Trying to describe just one style of Châteauneuf-du-Pape is astonishingly challenging since the sprawling terroir, endless number of varieties and the vast array of producers result in a sheer number of styles. However, there is a common thread that can tie all of these styles together with their warmth, richness, spiciness and ripe fruit. You’ll likely to notice red fruit flavours like raspberry and strawberry and black fruit ones likes blueberry and black currant. There’s also an earthiness to these wines with leather and barnyard notes. Oaky flavours can also reveal themselves through smoke, tobacco, toast and baking spices like clove and vanilla. Blends that have higher proportions of Mourvèdre can have gamey or barnyard aromas – these actually come from a type of yeast called Brettanomyces that can be found hiding in the nooks and corners of wineries, especially in oak barrels. Often called “Brett”, some wine lovers appreciate the extra complexity it seems to give wines while others don’t like it at all. Nevertheless, letting the wine sit open for a few hours before you drink it will dissipate the strongest barnyard aromas. Another feature to remember about Châteauneuf-du-Pape wines is that they have higher alcohol levels than other French wines. The appellation has the highest minimum strength of any French wine at 12.5%, but most of the wines you’ll come across have alcohol by volume (ABV) levels starting from 14%. Whatever your preference, Châteauneuf-du-Pape offers an array of styles from those with freshness and elegance to those with more tannins and austerity.
There are an array of Châteauneuf-du-Pape estates as there are an array of styles in the appellation. One of the most prestigious ambassadors for the appellation is the progressive Château de Beaucastel. The estate has been in the Perrin family for five generations, and Jean-Pierre and François took over for their father, Jacques Perrin, in 1978. Their flagship Château de Beaucastel wine is the knockout thirteen variety red blend with Grenache and Mourvèdre played the leading role in this masterpiece. The Château de Beaucastel Hommage à Jacques Perrin is also another one of their rare wines that pays homage to their father. This long-ageing wine is only made in the best of years from mostly old Mourvèdre vines that give very small yields of intensely ripe, concentrated berries. Another appellation emissary is the modernist Château La Nerthe. This estate is one of the oldest dating all the way back to the twelfth century at the dawn of the appellation’s wine culture. It been an organically certified vineyard since 1998, and has all thirteen of the permitted varieties growing in its vineyards with some of the vines as old as 100-years-old. One of its crown jewels is the La Nerthe Cuvee des Cadettes which has been in production since the end of the 1800s! It’s truly a fine representation of what a GSM blend should be. Clos des Papes is another one of the finest producers in Châteauneuf-du-Pape. Paul and Vincent Avril, a father and son team, craft Grenache-dominated reds, which the family has produced for over a century. Their use of low yields, no new oak for ageing and no filtering all contribute to the complexity of their wines. Domaine de la Vieille Julienne is also another remarkable estate focusing its attention on Grenache-leading wines with some of its vines as old as 100-years-old. Jean-Paul Daumen took over his family’s estate in 1990, and has since then converted it to biodynamics. One of its most acclaimed wines is the Domaine Vieille Julienne Réserve that is only made in the best vintages. Last but definitely not least of the range of producers in the appellation, Château Rayas produces one of the most sought-after Châteauneuf-du-Pape wines – a 100% Grenache mono-cuvée. The estate dates back to 1880, but it was Jacques Reynaud, one of the world’s greatest winemakers, who enshrined its legacy up until his death in 1997. His son, François, now continues his father’s methods that run contrary to what you’d expect in the appellation: the 13-hectares of vines face north in soil without the fabled galets roulés, yields can be as low as 15hl/h, and wines are aged in 450-litre “double-piece” oak casks. The dynamism and diversity of Châteauneuf-du-Pape allows you to find whatever your heart desires whether it’s a 13-variety blended masterpiece, a classical GSM or a rare mono-cuvée.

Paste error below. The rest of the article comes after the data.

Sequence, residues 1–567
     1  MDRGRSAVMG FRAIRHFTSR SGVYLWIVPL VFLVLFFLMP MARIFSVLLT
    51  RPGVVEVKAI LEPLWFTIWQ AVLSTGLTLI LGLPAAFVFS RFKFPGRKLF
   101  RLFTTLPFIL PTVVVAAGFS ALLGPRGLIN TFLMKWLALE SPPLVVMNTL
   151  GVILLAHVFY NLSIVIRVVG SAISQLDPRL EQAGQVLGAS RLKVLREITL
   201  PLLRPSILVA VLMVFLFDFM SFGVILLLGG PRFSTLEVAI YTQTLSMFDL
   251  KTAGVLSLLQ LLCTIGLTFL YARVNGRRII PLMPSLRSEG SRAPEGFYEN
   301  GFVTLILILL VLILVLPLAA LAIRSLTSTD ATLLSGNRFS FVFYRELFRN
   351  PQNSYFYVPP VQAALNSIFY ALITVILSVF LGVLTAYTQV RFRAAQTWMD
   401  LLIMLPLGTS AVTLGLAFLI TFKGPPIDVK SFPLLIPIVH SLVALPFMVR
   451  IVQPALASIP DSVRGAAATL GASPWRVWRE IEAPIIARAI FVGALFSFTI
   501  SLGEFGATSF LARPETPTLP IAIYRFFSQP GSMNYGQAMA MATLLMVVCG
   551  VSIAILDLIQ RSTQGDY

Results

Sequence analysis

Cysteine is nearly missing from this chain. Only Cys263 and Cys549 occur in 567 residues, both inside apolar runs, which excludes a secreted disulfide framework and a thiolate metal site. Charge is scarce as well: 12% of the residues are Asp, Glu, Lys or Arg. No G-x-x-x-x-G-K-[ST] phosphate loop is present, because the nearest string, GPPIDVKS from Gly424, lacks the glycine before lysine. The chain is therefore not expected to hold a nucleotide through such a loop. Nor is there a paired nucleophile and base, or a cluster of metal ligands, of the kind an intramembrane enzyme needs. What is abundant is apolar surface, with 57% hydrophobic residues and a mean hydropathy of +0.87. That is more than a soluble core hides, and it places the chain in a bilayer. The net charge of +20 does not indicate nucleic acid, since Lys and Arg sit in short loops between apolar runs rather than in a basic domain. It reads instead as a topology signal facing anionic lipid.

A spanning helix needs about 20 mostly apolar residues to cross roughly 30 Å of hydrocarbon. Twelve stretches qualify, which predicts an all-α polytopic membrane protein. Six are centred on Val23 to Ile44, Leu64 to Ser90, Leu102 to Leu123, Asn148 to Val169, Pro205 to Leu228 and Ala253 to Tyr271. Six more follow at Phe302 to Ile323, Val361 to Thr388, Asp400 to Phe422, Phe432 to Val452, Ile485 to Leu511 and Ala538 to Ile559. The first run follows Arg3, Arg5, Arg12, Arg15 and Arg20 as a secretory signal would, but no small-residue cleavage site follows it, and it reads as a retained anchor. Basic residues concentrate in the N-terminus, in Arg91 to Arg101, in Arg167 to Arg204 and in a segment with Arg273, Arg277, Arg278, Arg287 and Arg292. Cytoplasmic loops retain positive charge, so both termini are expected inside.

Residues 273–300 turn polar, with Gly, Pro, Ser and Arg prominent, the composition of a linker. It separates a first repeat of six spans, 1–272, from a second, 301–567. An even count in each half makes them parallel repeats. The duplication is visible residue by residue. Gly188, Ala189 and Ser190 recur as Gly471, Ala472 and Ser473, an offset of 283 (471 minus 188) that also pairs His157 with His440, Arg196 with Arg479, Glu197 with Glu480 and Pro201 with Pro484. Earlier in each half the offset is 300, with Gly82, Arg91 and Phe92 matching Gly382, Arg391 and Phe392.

The grandiose scale of Châteauneuf-du-Pape makes it one of France’s most intricate appellations with its multitude of terroirs and grape varieties. It’s because of this intricacy that engulfs you in dazzling wines that not only awaken the senses, but leave you yearning for just one more sip of pure Châteauneuf-du-Pape radiance.